No other sport push both the limits of human reactions and the boundaries of engineering in quite the same way as Formula One.
Arguably the greatest talent to ever bless the world of motor racing was Juan Manuel Fangio, an almost mythical figure who dominated F1 throughout the 1950s with a sense of style and charm coupled with a huge dose of courage.
In seven full Formula One seasons he was World Champion five times —a record which stood for 46 years until beaten by Michael Schumacher - and runner-up twice.
In the 51 championship Grand Prix races he took part in, he started from the front row 48 times (including 29 pole positions), notching up 23 fastest race laps en route to 35 podium finishes, 24 of which were victories.
His achievements are made all the more impressive by the fact that most of his challengers on the track were young enough to be his sons, with many of his admiring rivals referring to him as 'The Old Man'.
The son of an Italian immigrant who moved to Argentina at the turn of the century, Fangio was always fascinated by automobiles and began working in a garage at the tender age of just 11.
For the next four decades he would split his time between working as a mechanic and racing archaic, almost self-built cars in grueling South American long distance races – a grounding that would later hold him in good stead for the rigors of Formula One.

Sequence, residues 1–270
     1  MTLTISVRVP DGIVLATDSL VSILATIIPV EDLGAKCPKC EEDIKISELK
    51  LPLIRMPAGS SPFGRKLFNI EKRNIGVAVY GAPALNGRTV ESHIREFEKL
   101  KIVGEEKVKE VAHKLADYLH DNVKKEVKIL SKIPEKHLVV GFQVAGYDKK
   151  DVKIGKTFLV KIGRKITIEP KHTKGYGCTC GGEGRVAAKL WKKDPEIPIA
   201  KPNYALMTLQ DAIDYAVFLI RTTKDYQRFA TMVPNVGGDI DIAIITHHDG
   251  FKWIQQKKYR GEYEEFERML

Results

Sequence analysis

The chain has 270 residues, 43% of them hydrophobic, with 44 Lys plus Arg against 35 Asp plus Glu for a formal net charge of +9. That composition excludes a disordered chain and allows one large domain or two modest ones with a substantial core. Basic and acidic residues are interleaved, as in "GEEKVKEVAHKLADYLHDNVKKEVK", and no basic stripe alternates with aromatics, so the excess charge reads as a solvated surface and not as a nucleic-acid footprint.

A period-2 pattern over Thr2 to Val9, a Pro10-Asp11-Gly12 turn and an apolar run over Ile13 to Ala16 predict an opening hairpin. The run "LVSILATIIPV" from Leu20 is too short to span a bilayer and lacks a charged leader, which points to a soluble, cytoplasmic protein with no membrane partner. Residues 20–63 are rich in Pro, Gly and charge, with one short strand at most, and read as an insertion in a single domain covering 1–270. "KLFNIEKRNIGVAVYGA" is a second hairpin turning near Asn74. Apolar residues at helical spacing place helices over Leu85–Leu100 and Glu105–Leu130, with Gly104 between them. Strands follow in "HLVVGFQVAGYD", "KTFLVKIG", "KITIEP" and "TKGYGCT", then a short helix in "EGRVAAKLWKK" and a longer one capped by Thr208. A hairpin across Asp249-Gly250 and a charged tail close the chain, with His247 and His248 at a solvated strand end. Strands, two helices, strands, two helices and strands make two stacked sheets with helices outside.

After World War II had ended – an occurrence that had stalled the careers of many race drivers, Fangio moved to Europe.
Despite being a relative senior at the age of 38, he soon caught the eye while competing in several events and would eventually move on to the newly formed Formula 1 World Championship. The move allowed him to pit his skills in cutting edge vehicles against the world’s best drivers, which in turn saw his reputation grow to legendary status.
He would go on to race for four of the most famous European manufacturers in an era where drivers raced with almost no protective equipment on circuits with no safety features.
Winning his first world title for Italian car maker Alfa Romeo in 1951 at the wheel of the Tipo 159 Alfetta, the following year saw Fangio suffer a serious accident during a pre-season event in Monza,Italy sidelining for the entirety of the campaign while he recovered from a career-threatening spine injury.
Despite the severity of the injury, which would leave him with a permanently stiff upper torso, he was nevertheless well enough to return to the drivers seat for the 1953 Championship which saw him finish second overall driving the A6GCM for Maserati.
A smooth transition when swapping teams mid-season the following year to Mercedes-Benz, saw him win eight out of twelve races to once again take the title, a feat he would repeat the following season.
With Mercedes withdrawing from competition, Fangio then went on to join Ferrari for another championship winning season in 1957, this despite a tempestuous relationship with team owner Enzo Ferrari.
His greatest accomplishment however was to come the next year.